The new report highlights how vulnerable many mountain people are, with one-third living on less than $1.90 a day and far away from help if climate disaster strikes.
Political tensions between nations could add to the difficulties. “There are rocky times ahead for the region. Because many of the disasters and sudden changes will play out across country borders, conflict among the region’s countries could easily flare up,” said Eklabya Sharma, the deputy director general of Icimod.
Hamish Pritchard, a glaciologist at the British Antarctic Survey and not part of the report, said it is “a substantial piece of work” that takes due note of the uncertainties resulting from the limited snowfall and ice measurements in the high mountains.
He said glaciers currently provide an essential buffering role as their meltwater flows into the rivers during the summer, which is when water is in greatest demand downstream and periodic droughts have the deadliest impacts on populations. “Take the ice away and those people are exposed to serious water stress and the consequences of that are local, regional and potentially global, in terms of conflict and migration,” he said.
* Access the report: http://bit.ly/2WJKs6b
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Heatwaves are becoming more intense, extended and frequent as a result of climate change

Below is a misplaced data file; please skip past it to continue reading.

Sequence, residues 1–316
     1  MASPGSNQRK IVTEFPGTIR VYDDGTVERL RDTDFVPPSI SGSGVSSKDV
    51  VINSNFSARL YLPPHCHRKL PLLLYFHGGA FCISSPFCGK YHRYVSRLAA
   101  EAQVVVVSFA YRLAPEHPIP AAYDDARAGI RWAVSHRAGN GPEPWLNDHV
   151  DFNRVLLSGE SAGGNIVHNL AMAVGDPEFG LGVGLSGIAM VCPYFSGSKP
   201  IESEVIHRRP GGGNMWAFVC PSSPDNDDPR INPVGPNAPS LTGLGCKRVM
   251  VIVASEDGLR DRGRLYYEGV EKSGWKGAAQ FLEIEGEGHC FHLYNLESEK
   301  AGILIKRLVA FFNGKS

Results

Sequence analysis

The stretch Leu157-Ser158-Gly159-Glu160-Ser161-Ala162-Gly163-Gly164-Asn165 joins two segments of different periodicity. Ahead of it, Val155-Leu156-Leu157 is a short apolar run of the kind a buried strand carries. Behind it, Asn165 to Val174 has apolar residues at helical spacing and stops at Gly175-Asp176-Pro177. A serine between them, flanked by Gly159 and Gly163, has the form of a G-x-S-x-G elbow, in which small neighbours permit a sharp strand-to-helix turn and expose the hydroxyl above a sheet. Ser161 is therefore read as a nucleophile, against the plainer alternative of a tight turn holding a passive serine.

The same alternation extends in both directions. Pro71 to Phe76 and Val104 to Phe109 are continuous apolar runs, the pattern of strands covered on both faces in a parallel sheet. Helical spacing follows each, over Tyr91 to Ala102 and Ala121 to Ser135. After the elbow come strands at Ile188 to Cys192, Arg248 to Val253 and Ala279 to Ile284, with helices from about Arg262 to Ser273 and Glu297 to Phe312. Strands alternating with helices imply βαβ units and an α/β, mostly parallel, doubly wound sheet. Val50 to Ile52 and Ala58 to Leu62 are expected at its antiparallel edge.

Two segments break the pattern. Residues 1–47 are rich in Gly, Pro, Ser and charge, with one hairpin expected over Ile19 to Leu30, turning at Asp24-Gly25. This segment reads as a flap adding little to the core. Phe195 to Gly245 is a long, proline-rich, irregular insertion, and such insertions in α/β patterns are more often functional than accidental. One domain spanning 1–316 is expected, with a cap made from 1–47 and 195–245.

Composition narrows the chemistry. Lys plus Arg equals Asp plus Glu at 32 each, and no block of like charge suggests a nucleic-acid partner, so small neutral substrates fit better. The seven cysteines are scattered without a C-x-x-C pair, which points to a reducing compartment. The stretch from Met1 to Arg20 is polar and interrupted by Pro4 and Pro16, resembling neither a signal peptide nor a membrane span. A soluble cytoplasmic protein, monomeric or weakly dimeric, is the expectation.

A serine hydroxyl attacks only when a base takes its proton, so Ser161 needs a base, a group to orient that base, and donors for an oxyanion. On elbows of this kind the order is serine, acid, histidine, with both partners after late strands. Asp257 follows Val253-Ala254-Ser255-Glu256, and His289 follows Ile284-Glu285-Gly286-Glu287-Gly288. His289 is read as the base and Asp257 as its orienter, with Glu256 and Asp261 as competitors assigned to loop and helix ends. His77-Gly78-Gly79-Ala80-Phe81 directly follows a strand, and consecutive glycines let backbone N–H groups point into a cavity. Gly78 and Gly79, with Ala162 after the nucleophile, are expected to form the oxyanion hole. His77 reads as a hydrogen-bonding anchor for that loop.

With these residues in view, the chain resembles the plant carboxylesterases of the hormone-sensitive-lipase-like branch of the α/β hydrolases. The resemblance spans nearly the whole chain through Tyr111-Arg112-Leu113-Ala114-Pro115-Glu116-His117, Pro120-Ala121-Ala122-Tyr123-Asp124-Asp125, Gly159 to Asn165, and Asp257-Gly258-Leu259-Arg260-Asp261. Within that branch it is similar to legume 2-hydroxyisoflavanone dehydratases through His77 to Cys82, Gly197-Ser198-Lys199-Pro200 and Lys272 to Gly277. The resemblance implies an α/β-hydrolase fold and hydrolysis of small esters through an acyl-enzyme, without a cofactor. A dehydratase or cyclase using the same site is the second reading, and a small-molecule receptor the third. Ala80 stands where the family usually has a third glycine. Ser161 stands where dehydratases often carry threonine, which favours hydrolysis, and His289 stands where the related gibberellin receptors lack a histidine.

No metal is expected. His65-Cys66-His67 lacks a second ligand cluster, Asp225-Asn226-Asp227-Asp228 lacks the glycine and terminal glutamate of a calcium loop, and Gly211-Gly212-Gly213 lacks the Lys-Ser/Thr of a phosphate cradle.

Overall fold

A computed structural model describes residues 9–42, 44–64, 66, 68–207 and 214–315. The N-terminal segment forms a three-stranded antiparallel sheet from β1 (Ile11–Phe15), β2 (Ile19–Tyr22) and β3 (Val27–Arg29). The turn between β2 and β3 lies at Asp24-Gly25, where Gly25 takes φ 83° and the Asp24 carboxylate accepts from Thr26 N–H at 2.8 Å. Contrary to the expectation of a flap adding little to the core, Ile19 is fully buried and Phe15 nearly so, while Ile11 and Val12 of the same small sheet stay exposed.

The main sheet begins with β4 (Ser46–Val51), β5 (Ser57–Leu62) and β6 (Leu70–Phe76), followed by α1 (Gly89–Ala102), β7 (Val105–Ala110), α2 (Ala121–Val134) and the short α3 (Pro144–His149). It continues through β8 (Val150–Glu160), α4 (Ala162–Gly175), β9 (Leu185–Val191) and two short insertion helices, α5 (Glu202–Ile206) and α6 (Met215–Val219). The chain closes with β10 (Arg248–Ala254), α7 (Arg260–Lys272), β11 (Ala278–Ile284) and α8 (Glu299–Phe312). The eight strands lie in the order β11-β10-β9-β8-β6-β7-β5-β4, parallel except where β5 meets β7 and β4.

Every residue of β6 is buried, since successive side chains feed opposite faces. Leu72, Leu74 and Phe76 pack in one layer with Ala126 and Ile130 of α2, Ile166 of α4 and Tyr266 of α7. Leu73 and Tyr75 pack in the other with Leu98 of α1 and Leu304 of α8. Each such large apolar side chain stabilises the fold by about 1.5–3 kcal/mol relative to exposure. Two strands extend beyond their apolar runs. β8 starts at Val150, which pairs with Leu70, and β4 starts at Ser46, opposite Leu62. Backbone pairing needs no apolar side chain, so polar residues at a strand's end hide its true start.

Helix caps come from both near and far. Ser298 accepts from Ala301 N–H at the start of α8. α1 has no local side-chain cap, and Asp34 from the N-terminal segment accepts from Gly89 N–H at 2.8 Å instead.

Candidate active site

by World Meteorological Organization (WMO)
6 Feb. 2019
World Meteorological Organization confirms past 4 years were warmest on record
In a clear sign of continuing long-term climate change associated with record atmospheric concentrations of greenhouse gases, 2015, 2016, 2017 and 2018 have been confirmed as the four warmest years on record.
A consolidated analysis by the World Meteorological Organization of five leading international datasets showed that the global average surface temperature in 2018 was approximately 1.0° Celsius (with a margin of error of ±0.13°C) above the pre-industrial baseline (1850-1900). It ranks as the fourth warmest year on record.
The year 2016, which was influenced by a strong El-Niño event, remains the warmest year on record (1.2°C above preindustrial baseline). Global average temperatures in 2017 and 2015 were both 1.1°C above pre-industrial levels.
The latter two years are virtually indistinguishable because the difference is less than one hundredth of a degree, which is less than the statistical margin of error.
“The long-term temperature trend is far more important than the ranking of individual years, and that trend is an upward one, “ said WMO Secretary-General Petteri Taalas. “The 20 warmest years on record have been in the past 22 years. The degree of warming during the past four years has been exceptional, both on land and in the ocean.”
“Temperatures are only part of the story. Extreme and high impact weather affected many countries and millions of people, with devastating repercussions for economies and ecosystems in 2018,” he said.
“Many of the extreme weather events are consistent with what we expect from a changing climate. This is a reality we need to face up to. Greenhouse gas emission reduction and climate adaptation measures should be a top global priority,” said Mr Taalas.
The month of January has been marked by high impact weather in many parts of the world, including dangerous and extreme cold in North America, record heat and wildfires in Australia, high temperatures and rainfall in parts of South America, and heavy snowfall in the Alps and Himalayas.